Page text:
Peter A. Krause – peter.krause066@csuci.edu

CSU Channel Islands
One University Dr.
Camarillo, CA 93012

Popular version of paper 4aSC3
Presented 9:45 Thursday Morning, May 26, 2022
182nd ASA Meeting

A speech sound like /s/ not fixed. The sound at the beginning of “soon” is not identical to the sound at the beginning of “seen.” We call this contextual variability coarticulation.

Verbal recording of “soon” and “seen.” Listen closely to the subtle differences in the initial /s/ sound.

A spectrogram of the same recording of “soon” and “seen.” Note how the /s/ sounds have a slightly different distribution of intensity over the frequency range shown.

Some theoretical models explain coarticulation by assuming that talkers retrieve slightly different versions of their /s/ sound from memory, depending on the sound to follow. Others emphasize that articulatory actions overlap in time, rather than keeping to a regimented sequence: Talkers usually start rounding their lips for the /u/ (“oo”) sound in “soon” while still making the hissy sound of the /s/, instead of waiting for the voiced part of the vowel. (See picture below.) But even overlapping action accounts of coarticulation disagree on how “baked in” the coarticulation is. Does the dictionary in your head tell you that the word “soon” is produced with a rounded /s/? Or is there a more general, flexible process whereby if you know an /u/ sound is coming up, you round your lips if able?

A depiction of the same speaker’s lips when producing the /s/ sound in “seen” (top) and the /s/ sound in “soon” (bottom). Note that in the latter case, the lips are already rounded.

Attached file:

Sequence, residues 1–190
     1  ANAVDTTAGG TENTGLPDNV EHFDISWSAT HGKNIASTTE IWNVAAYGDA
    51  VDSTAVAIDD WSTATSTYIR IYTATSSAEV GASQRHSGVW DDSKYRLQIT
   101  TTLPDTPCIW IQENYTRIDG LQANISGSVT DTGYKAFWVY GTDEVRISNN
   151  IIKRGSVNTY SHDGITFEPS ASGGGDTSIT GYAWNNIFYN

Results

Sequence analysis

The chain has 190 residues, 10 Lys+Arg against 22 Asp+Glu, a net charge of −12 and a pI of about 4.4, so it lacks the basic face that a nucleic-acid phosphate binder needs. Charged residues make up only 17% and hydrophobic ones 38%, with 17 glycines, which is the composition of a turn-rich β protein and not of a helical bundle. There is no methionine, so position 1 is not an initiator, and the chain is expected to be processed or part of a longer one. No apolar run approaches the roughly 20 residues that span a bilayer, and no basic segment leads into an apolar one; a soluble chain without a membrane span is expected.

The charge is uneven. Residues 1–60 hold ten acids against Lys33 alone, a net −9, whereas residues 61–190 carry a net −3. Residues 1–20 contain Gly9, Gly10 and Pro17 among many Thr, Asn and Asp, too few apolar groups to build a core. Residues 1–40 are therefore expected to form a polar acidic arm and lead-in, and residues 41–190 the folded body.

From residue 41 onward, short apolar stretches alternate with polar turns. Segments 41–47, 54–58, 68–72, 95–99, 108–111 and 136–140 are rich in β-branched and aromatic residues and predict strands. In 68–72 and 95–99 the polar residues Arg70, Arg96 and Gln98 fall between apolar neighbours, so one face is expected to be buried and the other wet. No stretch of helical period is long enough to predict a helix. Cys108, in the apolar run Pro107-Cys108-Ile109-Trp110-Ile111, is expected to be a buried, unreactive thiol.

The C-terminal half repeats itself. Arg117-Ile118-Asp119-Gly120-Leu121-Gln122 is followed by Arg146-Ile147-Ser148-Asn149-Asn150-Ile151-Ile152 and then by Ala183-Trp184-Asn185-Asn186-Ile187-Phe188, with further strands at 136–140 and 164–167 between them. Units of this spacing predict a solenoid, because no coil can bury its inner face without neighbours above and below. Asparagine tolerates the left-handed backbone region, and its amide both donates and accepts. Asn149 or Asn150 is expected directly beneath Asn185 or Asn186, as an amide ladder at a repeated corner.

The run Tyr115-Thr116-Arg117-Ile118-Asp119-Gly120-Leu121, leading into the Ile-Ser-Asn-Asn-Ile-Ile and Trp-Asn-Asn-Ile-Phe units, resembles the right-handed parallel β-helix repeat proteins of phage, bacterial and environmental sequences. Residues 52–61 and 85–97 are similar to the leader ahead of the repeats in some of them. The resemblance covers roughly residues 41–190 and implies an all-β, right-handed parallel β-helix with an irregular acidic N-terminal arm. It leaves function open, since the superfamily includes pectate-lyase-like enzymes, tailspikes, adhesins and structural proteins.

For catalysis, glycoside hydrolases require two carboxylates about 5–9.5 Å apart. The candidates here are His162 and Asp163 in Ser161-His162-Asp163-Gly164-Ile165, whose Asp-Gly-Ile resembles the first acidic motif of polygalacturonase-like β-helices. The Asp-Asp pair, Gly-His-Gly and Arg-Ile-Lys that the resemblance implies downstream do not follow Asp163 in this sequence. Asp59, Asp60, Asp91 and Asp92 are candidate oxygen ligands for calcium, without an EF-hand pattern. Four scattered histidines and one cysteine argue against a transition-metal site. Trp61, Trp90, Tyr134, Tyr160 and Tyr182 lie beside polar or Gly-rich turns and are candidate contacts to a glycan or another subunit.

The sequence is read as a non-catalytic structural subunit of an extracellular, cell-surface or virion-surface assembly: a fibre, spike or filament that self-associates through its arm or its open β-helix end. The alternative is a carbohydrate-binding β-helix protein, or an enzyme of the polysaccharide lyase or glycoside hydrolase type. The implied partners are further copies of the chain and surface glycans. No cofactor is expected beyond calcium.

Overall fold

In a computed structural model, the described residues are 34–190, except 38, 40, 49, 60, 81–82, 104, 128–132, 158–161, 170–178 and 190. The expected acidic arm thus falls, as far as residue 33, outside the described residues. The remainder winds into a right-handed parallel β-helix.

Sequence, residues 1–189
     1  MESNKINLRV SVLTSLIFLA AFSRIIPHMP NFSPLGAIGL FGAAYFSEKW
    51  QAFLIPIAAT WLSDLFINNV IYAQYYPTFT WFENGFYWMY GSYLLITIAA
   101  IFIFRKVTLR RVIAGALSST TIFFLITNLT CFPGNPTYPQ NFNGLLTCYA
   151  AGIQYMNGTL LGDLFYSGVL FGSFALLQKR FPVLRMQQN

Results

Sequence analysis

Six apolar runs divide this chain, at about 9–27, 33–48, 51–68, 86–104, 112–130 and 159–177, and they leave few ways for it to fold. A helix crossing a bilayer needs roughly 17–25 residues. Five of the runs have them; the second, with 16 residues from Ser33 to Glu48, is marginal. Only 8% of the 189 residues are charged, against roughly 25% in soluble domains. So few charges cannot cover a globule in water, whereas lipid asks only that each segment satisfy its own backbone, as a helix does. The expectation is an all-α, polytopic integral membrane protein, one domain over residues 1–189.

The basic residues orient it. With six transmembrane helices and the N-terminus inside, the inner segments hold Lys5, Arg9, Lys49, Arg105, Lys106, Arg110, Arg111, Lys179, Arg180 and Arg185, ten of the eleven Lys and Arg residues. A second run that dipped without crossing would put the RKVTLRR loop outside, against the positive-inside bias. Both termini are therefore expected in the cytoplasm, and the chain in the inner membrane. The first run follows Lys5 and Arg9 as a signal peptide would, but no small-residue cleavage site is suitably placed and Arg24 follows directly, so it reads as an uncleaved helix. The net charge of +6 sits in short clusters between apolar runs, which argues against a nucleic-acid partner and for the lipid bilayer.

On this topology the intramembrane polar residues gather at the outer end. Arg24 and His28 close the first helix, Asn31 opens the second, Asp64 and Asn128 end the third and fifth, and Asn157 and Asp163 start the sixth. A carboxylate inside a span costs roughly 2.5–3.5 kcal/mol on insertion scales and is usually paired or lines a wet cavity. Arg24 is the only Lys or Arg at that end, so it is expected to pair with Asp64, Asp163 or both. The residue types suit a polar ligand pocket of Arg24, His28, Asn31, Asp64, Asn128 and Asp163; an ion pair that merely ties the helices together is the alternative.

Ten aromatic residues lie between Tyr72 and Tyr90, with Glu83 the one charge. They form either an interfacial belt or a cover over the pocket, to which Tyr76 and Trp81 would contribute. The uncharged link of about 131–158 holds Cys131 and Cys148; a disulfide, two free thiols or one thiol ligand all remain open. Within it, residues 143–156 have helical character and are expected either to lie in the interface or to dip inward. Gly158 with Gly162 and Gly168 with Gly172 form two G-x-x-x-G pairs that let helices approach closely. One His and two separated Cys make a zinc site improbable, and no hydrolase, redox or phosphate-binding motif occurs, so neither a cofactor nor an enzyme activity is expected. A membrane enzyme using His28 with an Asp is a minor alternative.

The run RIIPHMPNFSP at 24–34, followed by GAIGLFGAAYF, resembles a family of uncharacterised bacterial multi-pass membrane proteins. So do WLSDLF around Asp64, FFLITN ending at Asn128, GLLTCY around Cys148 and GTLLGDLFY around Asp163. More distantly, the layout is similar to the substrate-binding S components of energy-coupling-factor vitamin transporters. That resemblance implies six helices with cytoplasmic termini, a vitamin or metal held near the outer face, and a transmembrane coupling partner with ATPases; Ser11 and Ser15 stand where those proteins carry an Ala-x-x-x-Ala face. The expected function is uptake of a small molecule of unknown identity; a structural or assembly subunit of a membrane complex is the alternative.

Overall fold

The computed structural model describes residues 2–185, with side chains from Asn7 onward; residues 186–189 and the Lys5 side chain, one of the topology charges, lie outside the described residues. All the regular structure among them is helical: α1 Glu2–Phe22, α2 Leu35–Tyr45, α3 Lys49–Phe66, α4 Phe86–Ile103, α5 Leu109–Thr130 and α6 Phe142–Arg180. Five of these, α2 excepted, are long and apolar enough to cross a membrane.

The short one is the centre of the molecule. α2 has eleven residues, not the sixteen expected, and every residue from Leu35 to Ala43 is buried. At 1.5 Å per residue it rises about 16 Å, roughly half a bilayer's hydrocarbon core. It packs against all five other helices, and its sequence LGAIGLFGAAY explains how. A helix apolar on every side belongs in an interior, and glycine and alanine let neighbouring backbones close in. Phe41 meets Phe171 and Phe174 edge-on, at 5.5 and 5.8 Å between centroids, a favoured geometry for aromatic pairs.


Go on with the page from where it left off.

If the latter, it is reasonable to ask whether coarticulation only happens during the audible portions of speech. My work suggests that the answer is no! For example, I have shown that during word-reading tasks, talkers tend to pre-round their lips a bit if they have been led to believe that an upcoming (but not yet seen) word will include an /u/ sound. This effect goes away if the word is equally likely to have an /u/ sound or an /i/ (“ee”) sound. More recently, I have shown that talkers awaiting their turn in natural, bi-directional conversation anticipate their upcoming utterance with their lips, by shaping them in sound-specific ways. (At least, they do so when preparing very short phrases like “yeah” or “okay.” For longer phrases, this effect disappears, which remains an interesting mystery.) Nevertheless, talkers apparently “lean forward” into their speech actions some of the time. In my talk I will argue that much of what we call “coarticulation” may be a special case of a more general pattern relating speech planning to articulatory action. In fact, it may reflect processes generally at work in all human action planning.

 Plots of lip area taken from my recent study of bi-directional conversation. Plots trace backward in time from the moment at which audible speech began (Latency 0). “Labially constrained” utterances are those requiring shrunken-down lips, like those starting with /p/ or having an early /u/ sound. Note that for short phrases, lip areas are partially set several seconds before audible speech begins.

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